In a previous post I already described how to download stock price data for all constituents of the SP500 with R. Meanwhile, however, I shifted all of my coding to the new and very promising technical computing language julia. I obviously wanted to also enjoy the convenience of downloading stock price data directly in julia. Hence, in this post I will describe how one could use julia to download stock price data from Yahoo!Finance in general, and – as an advanced use case – how to download adjusted closing prices for all SP500 constituents. We also will make use of julia’s parallel computing capabilities, in order to tremendously speed up the downloading and processing steps compared to my original code in R.

Before we start, we first need to make sure that we have all relevant packages installed. As a format for storing time series data I always rely on the TimeData package from the official package repository:

Pkg.add("TimeData")


The functions required for data download are bundled in the not yet registered EconDatasets package, which we can clone from github:

Pkg.clone("https://github.com/JuliaFinMetriX/EconDatasets.jl.git")


Now that all required packages are installed, we will first demonstrate a simple use case for the low-level function readYahooFinance. This functions allows easy access to the complete stock data provided by Yahoo!Finance, comprising fields open, high, low, close, volume and adjusted close. As an example, we now download data for NASDAQ-100, S&P 500 and EURO STOXX 50 Index.

using TimeData
using Dates
using EconDatasets

tickerSymbs = ["^NDX"
"^GSPC"
"^STOXX50E"]

dates = Date(1960,1,1):Date(2014,7,20)

indexData = [readYahooFinance(dates, symb) for symb in tickerSymbs]

## display first five dates of NASDAQ
indexData[1][1:5, :]


 idx Open High Low Close Volume Adj_Close 1985-10-01 221.24 224.32 221.13 224.28 153160000 112.14 1985-10-02 224.28 225.08 221.56 221.65 164640000 110.82 1985-10-03 221.68 222.37 220.24 221.74 147300000 110.87 1985-10-04 221.74 221.74 219.71 220.15 147900000 110.07 1985-10-07 220.15 220.27 216.35 216.4 128640000 108.2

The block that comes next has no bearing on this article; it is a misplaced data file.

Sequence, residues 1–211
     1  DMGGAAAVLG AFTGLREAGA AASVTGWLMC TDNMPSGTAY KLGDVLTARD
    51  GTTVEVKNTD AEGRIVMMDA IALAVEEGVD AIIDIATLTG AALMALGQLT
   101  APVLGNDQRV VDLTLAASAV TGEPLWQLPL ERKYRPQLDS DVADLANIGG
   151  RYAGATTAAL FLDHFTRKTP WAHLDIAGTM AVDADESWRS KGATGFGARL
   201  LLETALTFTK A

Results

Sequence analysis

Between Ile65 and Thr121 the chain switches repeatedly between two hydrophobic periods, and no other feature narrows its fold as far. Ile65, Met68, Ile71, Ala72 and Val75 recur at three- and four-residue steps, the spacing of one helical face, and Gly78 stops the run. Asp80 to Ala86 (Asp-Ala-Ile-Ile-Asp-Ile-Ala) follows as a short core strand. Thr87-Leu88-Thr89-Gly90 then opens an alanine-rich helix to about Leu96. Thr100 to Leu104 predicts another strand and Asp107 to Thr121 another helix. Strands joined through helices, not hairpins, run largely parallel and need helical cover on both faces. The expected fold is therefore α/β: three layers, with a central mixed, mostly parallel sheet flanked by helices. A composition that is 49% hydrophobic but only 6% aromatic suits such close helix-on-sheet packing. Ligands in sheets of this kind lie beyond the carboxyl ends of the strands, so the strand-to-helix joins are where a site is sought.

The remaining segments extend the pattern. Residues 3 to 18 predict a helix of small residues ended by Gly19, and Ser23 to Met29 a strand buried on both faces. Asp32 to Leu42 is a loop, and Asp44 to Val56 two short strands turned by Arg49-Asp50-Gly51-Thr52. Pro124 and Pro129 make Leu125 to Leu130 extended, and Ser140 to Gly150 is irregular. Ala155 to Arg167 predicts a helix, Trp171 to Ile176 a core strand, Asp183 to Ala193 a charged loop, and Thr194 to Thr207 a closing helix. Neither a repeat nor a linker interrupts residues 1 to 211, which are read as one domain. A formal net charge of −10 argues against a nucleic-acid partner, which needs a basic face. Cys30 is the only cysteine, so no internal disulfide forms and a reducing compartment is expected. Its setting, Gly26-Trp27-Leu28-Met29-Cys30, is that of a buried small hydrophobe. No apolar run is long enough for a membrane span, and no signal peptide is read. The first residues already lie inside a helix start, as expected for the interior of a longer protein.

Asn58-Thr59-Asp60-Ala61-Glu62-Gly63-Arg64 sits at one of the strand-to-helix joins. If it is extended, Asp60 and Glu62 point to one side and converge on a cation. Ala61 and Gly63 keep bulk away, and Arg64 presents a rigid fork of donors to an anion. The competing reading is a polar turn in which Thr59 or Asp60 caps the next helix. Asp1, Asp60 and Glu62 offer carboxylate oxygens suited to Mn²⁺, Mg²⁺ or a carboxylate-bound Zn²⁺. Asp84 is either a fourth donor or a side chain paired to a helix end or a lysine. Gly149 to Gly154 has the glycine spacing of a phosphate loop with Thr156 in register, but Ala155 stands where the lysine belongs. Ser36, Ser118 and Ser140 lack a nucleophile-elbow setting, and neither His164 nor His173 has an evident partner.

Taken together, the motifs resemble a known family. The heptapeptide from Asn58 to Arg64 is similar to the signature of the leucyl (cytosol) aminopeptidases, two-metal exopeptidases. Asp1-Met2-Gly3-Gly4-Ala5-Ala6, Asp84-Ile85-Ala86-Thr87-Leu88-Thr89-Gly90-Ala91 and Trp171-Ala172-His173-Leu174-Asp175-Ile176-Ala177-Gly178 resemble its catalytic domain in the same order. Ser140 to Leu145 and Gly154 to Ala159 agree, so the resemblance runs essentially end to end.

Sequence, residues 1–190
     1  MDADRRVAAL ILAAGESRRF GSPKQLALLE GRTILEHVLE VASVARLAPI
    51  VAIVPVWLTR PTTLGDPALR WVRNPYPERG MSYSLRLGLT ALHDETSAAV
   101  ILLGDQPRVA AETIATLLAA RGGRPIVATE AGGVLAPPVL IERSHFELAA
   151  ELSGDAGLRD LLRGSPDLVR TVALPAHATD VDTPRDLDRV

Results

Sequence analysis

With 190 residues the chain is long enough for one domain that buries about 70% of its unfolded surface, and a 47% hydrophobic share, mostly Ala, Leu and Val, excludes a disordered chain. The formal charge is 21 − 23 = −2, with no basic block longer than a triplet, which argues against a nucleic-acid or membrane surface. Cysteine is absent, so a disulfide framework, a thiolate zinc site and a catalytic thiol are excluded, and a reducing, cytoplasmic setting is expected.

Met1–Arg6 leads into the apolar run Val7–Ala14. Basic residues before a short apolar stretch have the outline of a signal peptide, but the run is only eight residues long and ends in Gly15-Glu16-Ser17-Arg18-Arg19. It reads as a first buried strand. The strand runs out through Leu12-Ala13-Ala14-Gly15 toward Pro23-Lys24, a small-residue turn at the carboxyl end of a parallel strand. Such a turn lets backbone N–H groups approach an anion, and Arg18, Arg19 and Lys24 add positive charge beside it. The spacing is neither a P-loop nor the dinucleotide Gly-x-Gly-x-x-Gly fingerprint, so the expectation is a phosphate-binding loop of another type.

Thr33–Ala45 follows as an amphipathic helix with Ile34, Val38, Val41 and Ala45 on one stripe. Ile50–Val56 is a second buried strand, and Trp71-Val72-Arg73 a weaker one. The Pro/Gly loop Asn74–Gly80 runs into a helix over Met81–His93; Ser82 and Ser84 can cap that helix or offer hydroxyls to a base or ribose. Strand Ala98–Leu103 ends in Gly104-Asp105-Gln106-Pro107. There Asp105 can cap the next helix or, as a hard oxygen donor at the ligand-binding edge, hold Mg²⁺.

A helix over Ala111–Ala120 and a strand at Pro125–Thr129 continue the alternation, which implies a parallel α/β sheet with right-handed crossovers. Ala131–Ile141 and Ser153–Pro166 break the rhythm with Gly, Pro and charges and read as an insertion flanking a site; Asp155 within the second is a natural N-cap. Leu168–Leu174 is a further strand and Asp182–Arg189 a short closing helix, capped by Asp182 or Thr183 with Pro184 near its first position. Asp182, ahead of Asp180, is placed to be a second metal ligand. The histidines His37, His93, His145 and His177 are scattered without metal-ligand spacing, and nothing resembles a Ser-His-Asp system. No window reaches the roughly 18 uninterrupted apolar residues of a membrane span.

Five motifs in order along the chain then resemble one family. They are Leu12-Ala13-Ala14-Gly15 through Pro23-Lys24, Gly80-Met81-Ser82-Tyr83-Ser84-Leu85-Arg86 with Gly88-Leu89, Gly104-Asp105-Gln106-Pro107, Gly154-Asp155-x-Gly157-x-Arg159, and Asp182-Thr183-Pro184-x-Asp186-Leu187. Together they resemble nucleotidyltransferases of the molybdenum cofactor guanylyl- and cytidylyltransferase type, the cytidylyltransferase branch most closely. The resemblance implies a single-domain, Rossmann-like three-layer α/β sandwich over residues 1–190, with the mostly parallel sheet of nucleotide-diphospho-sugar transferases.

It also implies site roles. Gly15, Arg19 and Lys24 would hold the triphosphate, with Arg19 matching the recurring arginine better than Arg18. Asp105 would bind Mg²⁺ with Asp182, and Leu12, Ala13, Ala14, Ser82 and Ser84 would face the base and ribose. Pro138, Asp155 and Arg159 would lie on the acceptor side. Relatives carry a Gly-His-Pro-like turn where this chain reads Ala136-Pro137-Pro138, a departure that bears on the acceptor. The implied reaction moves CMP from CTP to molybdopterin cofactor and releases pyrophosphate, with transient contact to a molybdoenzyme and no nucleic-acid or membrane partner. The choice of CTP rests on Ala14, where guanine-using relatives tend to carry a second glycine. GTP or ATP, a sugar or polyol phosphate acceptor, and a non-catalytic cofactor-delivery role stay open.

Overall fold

Using comprehension, the function readYahooFinance can be applied to all ticker symbols in an Array. The output will be an Array of type Any, with individual entries being of type Timematr.

When we focus on one variable for each stock only, we can store the data more concisely in a single TimeData object. Therefore, we join individual stocks at the their idx entries. We do not want to lose any data at this step, so that we will use an outer join in order to get a row for each date that occurs for at least one of the individual stocks. Missing values will be replaced by NA, so that we now get an object of type Timenum, as Timematr objects are not allowed to contain NAs.

adjCloseData = indexData[1][:Adj_Close]

for ii=2:3
nextStock = indexData[ii] |>
names!(nextStock.vals, [symbol(tickerSymbs[ii])])
end



 idx ^NDX ^GSPC ^STOXX50E 1950-01-03 NA 16.66 NA 1950-01-04 NA 16.85 NA 1950-01-05 NA 16.93 NA 1950-01-06 NA 16.98 NA 1950-01-09 NA 17.08 NA 1950-01-10 NA 17.03 NA 1950-01-11 NA 17.09 NA 1950-01-12 NA 16.76 NA 1950-01-13 NA 16.67 NA 1950-01-16 NA 16.72 NA 2014-07-04 NA NA 3270.47 2014-07-07 3910.71 1977.65 3230.92 2014-07-08 3864.07 1963.71 3184.38 2014-07-09 3892.91 1972.83 3203.1 2014-07-10 3880.04 1964.68 3150.59 2014-07-11 3904.58 1967.57 3157.05 2014-07-14 3929.46 1977.1 3185.86 2014-07-15 3914.46 1973.28 3153.75 2014-07-16 3932.33 1981.57 3202.94 2014-07-17 3878.01 1958.12 3157.82 2014-07-18 3939.89 1978.22 3164.21

Now that we already have seen a first use case of function readYahooFinance, we now want to try the capabilities of julia and the EconDatasets package with a more challenging task. Hence, we want to download adjusted stock prices for all constituents of the SP500 in a fully automated way. Therefore, we first need to get a list of the ticker symbols of all constituents, which we can get from the S&P homepage. However, this list is stored as an Excel sheet with .xls extension, and we need to read in this binary file with package Taro.